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Introduction

Urban green spaces

Parks are highly valuable to an urban community due to the benefits they provide. The community resources (Hughey et al., 2016) that can be offered in a green space mean that the use and presence of them are important to the structure of an urban area (Gupta et al., 2012). This is especially true where the landscape is greatly built up, both in height and density of the infrastructure.

Urban areas are becoming increasingly more populated as people migrate into cities and worldwide population grows (Campbell, 1996). There is therefore a need for increased focus on sustainability strategies within cities (United Nations, 2015). International efforts regarding the maintenance of biodiversity centre on large untouched ecosystems (Chiesura, 2004). However, urban green spaces not only provide a natural environment to support urban biodiversity and ecosystem services, but they also have many social benefits.

Studies have shown that green spaces provide a wide variety and scale of benefits. Increased exposure to green spaces can lead to improvements in both mental and physical health. This is through, for example, providing a quality space for exercise (Kessel et al., 2009). A study by Coombes, Jones & Hillsdon (2010) has linked this to a decreased likelihood of obesity in the surrounding neighbourhood; this therefore has the potential to relieve some of the pressures on healthcare. Good access to green space is strongly linked to low levels of health inequalities (Mitchell & Popham, 2008). It is furthermore argued that the provision and access to good quality green space is a fundamental right (Thompson, 2002). Green spaces have also been found to increase feelings of social safety (Maas et al., 2009). This was despite the stereotype of green and vegetated areas providing an area of concealment for criminal activity. Finally, one of the key benefits that green spaces provide is the support to the natural environment. Improvements in urban ecological systems not only promote biodiversity (Barbosa et al., 2007) but add to the aesthetic value of an area and can attract people to visit (Ball et al., 2001).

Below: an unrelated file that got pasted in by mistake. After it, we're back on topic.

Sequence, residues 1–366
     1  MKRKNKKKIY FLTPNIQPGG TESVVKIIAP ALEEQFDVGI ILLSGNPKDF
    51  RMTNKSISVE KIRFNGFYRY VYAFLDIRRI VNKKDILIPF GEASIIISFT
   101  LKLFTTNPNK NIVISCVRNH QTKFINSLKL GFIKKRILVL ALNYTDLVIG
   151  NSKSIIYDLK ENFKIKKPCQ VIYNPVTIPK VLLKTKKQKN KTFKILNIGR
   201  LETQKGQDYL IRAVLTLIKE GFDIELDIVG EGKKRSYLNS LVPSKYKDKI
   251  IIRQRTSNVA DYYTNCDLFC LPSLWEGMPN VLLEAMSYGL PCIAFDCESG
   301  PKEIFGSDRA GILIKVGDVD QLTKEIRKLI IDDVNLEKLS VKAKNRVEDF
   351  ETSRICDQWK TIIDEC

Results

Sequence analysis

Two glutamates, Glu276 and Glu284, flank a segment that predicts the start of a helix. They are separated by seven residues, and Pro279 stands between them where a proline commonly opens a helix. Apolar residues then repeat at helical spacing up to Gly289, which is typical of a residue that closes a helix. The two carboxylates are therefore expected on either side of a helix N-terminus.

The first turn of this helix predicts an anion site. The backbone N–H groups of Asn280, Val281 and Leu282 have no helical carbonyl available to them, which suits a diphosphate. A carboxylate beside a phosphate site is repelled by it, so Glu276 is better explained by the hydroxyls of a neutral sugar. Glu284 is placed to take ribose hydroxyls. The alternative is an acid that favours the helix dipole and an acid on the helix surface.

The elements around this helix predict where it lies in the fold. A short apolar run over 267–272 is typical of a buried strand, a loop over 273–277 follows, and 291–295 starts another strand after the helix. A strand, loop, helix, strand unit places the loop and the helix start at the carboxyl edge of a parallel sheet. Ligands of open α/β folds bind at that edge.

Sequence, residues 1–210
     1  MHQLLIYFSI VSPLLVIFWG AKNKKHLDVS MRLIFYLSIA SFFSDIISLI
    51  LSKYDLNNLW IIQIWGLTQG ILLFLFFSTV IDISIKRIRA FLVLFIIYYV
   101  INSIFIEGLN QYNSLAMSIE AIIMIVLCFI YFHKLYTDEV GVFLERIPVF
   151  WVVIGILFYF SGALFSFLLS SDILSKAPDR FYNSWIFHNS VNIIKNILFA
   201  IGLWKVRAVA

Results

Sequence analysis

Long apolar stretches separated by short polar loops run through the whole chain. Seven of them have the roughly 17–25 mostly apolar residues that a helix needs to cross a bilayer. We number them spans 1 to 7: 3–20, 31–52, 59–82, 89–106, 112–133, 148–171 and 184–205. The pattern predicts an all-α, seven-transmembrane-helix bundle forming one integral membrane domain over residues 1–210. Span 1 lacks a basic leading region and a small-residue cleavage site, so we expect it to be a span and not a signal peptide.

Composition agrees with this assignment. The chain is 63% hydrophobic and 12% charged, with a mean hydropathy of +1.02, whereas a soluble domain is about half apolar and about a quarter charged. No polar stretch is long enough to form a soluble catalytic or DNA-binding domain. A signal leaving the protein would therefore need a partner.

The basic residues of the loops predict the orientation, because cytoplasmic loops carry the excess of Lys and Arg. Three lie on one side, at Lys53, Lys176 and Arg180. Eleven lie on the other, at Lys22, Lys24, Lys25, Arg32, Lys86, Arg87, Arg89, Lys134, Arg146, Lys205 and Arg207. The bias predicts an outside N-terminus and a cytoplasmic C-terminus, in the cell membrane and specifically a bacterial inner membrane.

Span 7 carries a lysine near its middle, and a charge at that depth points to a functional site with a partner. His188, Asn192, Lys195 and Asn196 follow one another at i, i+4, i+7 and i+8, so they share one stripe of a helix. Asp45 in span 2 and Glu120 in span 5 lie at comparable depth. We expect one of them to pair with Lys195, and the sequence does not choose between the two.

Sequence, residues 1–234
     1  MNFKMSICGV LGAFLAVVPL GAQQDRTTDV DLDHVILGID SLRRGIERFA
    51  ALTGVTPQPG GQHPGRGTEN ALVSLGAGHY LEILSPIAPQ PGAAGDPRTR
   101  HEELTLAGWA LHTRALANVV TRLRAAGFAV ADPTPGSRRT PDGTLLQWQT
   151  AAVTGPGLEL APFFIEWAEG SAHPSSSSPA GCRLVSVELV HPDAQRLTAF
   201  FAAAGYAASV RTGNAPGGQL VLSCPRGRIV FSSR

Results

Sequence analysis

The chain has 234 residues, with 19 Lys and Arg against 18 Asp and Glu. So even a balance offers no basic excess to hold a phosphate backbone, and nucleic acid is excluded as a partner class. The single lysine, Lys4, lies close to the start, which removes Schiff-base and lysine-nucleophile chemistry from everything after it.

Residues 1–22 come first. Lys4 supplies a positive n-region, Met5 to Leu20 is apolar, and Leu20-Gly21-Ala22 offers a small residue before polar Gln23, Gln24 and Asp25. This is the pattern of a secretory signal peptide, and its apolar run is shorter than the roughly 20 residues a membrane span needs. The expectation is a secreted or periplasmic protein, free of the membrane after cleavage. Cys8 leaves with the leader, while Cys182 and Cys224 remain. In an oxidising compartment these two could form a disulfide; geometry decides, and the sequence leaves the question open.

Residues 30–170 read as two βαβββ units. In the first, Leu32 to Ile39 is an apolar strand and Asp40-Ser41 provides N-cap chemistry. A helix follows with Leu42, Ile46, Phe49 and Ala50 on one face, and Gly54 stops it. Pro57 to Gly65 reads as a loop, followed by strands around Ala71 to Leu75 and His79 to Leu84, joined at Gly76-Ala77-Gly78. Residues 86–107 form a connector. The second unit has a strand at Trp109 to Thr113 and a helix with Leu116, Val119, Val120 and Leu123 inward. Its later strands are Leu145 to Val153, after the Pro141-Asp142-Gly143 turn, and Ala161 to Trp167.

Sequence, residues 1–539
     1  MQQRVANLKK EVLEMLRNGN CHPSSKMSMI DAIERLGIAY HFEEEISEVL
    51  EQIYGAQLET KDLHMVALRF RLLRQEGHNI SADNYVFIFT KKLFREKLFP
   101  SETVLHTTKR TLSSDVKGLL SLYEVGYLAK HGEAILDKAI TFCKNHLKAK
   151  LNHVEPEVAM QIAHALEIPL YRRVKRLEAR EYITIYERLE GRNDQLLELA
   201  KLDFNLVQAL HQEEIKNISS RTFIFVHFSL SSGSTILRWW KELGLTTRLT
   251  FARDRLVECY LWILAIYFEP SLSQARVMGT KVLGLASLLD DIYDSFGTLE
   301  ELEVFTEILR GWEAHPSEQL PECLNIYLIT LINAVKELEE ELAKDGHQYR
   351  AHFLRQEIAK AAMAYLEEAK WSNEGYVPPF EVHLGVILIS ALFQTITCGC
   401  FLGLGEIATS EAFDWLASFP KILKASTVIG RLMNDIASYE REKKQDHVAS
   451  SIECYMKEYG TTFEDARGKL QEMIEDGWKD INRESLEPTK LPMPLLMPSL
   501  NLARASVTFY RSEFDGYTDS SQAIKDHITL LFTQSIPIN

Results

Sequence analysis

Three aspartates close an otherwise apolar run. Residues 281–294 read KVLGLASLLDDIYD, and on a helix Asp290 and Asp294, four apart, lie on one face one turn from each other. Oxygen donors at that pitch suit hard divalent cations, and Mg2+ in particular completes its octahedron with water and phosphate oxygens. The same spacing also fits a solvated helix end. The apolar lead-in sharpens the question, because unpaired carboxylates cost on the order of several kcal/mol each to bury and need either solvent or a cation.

The importance of green spaces in urban areas is becoming increasingly understood, however creating more green space in cities is likely to be difficult due to the issue of space (Gupta et al., 2012). Green space loss due to the reuse of derelict land and residential development has been recorded (Pauleit, Ennos & Golding, 2005) in major cities in the United Kingdom (UK). This is putting increasing pressure, not just on green space (Barbosa et al., 2007), but also on existing infrastructure and facilities, such as transport networks. Maintaining and improving access to green spaces, as well as reducing the loss of it to other development, is important in limiting the pressures from an increasing population.

City development around universities

The student population and purpose built accommodations are expanding at an enormous rate across the UK, such as within the city of Southampton (ONS, 2016; Southampton City Council, 2018). The impact of this on services and sustainability needs to be addressed to guide future development.

The expansion of higher education (Smith, 2009), both economically and in the number of institutes, are the key reasons for the increase in student numbers. This phenomenon has resulted in some urban areas seeing a larger temporary student population than permanent population (Munro and Livingston, 2012). With increasing numbers of a seasonal population, structure and services of a city can be impacted. However, there is some potential for students and communities working together for a better future (Munro, Turok & Livingston, 2009). Due to the fact that the student demographic makes up a large number of the young population in university cities, they can contribute to the development of certain areas and sectors (such as the public sector), as well as generating an overall positive contribution to a city's economy (Chatterton, 1999; Chatterton, 2000).